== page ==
Norman Etherington

Norman Etherington reviews 'The Princeton Companion to Atlantic History' Edited by Joseph C. Miller

Norman Etherington
29 March 2016

Atlantic history and the closely related phrase 'Atlantic World' refer to a geographical/historical way of thinking about interactions among peoples of Europe, Africa, and the Americas between about 1500 and 1900. Practitioners of Atlantic history, like other scholars washed up from the wreck of nation-based historical writing, find it impossible to comprehend the p ... More

Norman Etherington reviews 'The Last Blank Spaces'

Norman Etherington
27 May 2013

Dane Kennedy reminds us that not so long ago exploring held an honoured place among recognised professions. Today, though, the job is extinct. For about a century and a half, the business of exploration was most vigorously pursued in Africa and Australia, yet among the thousands of volumes devoted to exploring expeditions on each continent, this is the first to take ... More

Norman Etherington reviews 'History in the Making'

Norman Etherington
25 January 2013

A million people thronged the streets of Barcelona on 11 September 2012, clamouring for liberty. This had been their special day long before 9/11. Like Gallipoli, it commemorates a defeat: the rout of the Catalans and their Austrian Hapsburg allies by the Bourbon monarch Philip V of Spain on 11 September 1714 in the closing stages of the War of the Spanish Successio ... More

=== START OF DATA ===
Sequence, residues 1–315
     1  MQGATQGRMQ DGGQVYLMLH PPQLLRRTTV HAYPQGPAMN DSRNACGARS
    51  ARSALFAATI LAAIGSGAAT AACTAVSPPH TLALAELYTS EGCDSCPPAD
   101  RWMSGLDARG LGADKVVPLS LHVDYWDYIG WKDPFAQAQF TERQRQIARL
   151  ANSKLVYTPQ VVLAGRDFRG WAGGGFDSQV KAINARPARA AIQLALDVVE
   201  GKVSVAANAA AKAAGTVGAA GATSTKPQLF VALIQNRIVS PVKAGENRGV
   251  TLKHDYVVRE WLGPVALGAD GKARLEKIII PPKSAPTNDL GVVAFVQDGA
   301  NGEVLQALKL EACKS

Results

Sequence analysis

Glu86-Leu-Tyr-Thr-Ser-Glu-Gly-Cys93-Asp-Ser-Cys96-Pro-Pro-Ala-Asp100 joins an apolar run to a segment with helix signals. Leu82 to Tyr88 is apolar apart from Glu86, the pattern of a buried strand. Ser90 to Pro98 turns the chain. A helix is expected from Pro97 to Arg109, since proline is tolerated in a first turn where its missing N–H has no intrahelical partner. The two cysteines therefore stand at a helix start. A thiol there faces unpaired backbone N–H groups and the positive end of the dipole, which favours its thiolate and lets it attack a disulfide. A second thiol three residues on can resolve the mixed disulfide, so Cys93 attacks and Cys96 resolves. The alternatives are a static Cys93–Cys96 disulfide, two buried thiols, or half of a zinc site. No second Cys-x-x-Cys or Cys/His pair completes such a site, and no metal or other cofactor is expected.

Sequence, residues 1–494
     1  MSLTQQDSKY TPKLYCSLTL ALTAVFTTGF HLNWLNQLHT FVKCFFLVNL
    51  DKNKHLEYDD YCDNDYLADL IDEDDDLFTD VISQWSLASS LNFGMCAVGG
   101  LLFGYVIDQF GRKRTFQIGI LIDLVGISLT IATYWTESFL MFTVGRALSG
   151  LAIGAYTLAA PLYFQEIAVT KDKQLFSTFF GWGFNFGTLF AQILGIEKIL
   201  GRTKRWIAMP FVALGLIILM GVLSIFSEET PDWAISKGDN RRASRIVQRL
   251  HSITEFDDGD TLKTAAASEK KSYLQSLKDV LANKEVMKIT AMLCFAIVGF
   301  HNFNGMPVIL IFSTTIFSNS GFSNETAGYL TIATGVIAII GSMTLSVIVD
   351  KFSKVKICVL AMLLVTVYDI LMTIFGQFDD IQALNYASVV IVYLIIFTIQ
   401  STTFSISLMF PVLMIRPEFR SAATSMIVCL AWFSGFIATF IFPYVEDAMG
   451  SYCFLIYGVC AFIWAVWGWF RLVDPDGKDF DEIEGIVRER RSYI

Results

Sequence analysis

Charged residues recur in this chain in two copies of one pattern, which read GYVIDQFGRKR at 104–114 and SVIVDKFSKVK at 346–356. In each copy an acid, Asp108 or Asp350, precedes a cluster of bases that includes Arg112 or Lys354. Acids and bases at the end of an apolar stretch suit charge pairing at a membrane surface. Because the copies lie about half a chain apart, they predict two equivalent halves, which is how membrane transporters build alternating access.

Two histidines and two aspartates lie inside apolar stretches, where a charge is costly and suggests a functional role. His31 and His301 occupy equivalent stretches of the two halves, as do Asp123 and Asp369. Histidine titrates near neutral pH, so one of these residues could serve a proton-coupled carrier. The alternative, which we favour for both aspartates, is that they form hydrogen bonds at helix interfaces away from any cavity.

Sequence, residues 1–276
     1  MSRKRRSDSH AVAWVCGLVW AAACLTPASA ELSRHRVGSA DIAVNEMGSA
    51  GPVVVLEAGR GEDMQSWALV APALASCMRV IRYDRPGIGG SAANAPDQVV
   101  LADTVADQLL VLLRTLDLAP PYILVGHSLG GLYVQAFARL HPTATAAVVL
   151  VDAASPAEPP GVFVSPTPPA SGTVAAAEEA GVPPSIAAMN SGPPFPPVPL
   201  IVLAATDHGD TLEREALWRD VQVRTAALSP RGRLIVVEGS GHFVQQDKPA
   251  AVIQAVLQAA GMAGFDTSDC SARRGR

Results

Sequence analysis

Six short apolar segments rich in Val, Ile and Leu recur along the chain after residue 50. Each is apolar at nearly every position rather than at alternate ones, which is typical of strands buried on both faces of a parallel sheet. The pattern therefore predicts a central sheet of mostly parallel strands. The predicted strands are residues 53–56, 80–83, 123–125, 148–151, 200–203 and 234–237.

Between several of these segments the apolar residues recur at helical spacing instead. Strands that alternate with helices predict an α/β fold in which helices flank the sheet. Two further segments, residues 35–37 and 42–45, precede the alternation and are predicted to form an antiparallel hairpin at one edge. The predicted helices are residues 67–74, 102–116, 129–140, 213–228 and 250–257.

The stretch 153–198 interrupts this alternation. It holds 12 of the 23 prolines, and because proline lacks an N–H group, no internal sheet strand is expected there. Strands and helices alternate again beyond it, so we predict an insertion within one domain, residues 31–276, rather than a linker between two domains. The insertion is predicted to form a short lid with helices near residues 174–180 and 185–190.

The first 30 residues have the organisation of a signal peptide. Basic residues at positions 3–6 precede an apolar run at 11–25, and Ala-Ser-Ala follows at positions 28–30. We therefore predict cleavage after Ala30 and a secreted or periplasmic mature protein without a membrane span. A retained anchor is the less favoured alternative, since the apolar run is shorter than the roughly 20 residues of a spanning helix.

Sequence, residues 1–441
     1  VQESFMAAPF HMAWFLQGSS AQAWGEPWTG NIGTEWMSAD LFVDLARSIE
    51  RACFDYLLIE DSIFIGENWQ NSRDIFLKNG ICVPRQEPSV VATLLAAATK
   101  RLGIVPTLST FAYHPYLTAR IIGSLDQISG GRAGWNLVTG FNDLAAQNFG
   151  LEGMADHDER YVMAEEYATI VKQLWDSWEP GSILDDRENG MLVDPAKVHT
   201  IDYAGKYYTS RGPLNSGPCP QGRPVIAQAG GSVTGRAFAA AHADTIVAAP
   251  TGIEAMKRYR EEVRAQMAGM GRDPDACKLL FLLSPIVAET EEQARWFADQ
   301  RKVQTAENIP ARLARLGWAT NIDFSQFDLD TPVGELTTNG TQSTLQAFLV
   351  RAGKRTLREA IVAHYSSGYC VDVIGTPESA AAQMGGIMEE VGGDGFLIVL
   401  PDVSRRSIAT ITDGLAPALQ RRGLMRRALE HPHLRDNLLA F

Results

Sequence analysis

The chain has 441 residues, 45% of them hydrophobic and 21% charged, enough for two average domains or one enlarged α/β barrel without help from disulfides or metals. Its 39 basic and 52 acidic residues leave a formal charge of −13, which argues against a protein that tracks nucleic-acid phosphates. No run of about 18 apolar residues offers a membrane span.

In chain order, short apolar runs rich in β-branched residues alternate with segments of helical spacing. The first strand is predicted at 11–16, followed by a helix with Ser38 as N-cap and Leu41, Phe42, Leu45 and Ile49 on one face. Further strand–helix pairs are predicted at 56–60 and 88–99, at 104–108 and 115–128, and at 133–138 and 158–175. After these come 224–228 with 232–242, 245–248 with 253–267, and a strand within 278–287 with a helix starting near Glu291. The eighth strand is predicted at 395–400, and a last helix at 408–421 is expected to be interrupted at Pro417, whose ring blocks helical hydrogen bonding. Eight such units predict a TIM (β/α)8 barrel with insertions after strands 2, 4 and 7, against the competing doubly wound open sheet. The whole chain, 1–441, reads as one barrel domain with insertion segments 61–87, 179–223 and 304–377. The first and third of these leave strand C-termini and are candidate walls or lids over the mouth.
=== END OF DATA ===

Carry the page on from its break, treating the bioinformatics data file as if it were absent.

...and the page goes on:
Norman Etherington on 'Vanished Kingdoms: The History of Half-Forgotten Europe'

Norman Etherington
24 October 2012

Norman Davies illustrates the literary life available to a score or so of living historians whose works at one time or another made the bestseller lists. Like Simon Schama, Niall Ferguson, and Paul Kennedy, he occupies a place in a Valhalla where the normal rules don’t apply. Instead of waiting nervously for publishers to give thumbs up to a cherished manuscript, ... More

Norman Etherington on the spectre of Manning Clark

Norman Etherington
25 November 2011

Recognising biography as ‘one of the new terrors of death’, the eighteenth-century wit John Arbuthnot made sure his life would be sparsely documented. Manning Clark, preoccupied with his inevitable extinction, took the opposite tack. He massively archived all his thoughts and doings as a strategy for ensuring some spectral posthumous existence. A telling photogr ... More